For many Ukrainians young and old, perception of time, memories, and dreams are split between two worlds, that before Feb. 24, 2022, and that which came after.
Even in cities far from the front lines, wartime Ukraine is a world of sirens, blackouts, curfews, donation drives, and an enduring wish for a military victory over Russia.
Now, it can be difficult to remember the world before, when Ukraine and Ukrainians had the same aspirations as any other peaceful nation: to grow, develop, and prosper; to live a life where extra income goes towards a holiday or festival rather than a drone or thermal imager for friends fighting in Donbas.
When 2022 first arrived, the specter of a full-scale Russian invasion loomed over Ukraine for some, but for the many more who dismissed the threat, the new year brought big plans, as it did for the country as a whole.
After Feb. 24, old plans no longer matched the new reality. At a time when Ukraine looked to build, 2022 brought only destruction. At the macro and micro level, things to look forward to were put on hold indefinitely, and other precious moments were lost forever.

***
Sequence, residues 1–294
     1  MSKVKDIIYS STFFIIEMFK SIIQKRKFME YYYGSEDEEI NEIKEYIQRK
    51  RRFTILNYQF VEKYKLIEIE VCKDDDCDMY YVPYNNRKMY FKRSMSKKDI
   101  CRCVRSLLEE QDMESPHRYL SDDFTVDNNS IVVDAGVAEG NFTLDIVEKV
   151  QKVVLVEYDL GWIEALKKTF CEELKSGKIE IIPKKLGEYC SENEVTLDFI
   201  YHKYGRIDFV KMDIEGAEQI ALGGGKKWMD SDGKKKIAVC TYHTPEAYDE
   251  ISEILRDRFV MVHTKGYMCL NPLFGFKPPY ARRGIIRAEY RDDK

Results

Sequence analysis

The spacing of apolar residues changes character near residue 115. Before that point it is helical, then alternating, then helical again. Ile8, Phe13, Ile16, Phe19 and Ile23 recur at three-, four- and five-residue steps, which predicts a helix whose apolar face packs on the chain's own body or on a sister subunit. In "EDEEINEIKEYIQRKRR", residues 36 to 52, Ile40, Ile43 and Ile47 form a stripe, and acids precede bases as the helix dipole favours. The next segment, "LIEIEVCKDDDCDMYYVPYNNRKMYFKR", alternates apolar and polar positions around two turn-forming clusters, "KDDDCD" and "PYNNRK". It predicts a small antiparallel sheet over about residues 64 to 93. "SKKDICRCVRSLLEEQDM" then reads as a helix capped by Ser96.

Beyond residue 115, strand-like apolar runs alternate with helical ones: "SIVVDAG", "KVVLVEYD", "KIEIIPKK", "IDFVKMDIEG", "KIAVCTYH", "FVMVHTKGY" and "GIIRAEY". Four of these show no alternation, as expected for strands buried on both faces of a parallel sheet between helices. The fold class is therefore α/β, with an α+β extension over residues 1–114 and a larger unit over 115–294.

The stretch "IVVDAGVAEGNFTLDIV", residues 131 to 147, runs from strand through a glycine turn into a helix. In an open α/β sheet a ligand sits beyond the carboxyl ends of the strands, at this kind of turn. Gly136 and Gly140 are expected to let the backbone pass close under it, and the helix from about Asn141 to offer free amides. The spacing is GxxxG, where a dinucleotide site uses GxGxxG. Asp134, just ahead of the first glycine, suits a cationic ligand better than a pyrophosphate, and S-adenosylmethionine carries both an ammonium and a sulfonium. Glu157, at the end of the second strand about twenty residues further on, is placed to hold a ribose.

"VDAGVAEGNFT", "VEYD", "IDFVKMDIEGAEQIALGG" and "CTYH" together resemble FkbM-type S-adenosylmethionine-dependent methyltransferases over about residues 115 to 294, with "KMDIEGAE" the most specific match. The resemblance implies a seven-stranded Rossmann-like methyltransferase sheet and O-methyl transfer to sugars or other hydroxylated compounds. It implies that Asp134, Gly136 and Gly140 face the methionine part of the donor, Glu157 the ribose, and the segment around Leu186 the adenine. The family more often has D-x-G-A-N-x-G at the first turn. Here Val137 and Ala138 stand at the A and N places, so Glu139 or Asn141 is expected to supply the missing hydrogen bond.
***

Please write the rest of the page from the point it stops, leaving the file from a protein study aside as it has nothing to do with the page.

In a time when supply chain woes around the world, climate change, and post-pandemic recovery were already driving up prices around the world, Ukraine played a commanding role as one of the world's largest exporters of food.
With improved technology and favorable weather, 2021 delivered a record grain harvest in Ukraine, which consistently ranks among the world's top producers of wheat, barley, corn, sunflower seed among others.
According to many signs, 2022 looked to have every chance of beating the record again.
Tetiana Adamenko, head of the agrometeorology department of the Ukrainian Hydrometeorology Center said in October 2021 that “the outlook for 2022 is ideal.”
“This year there was no soil drought, and for the first time since twenty years ago we received 495mm of precipitation, 120% of the yearly average.”
Western grants and loans have allowed smallholding farmers to raise the quality and productivity of their enterprises, meeting European standards.
One recipient of such support was Liubov Hodarina, 51, a dairy farmer in the village of Lotskyne in the southern Mykolaiv Oblast, a region dominated by agriculture.
Before the full-scale invasion, Hodarina and her husband’s farm was growing and prospering, with a USAID-funded project improving the storage and quality control of their milk due to begin in 2022.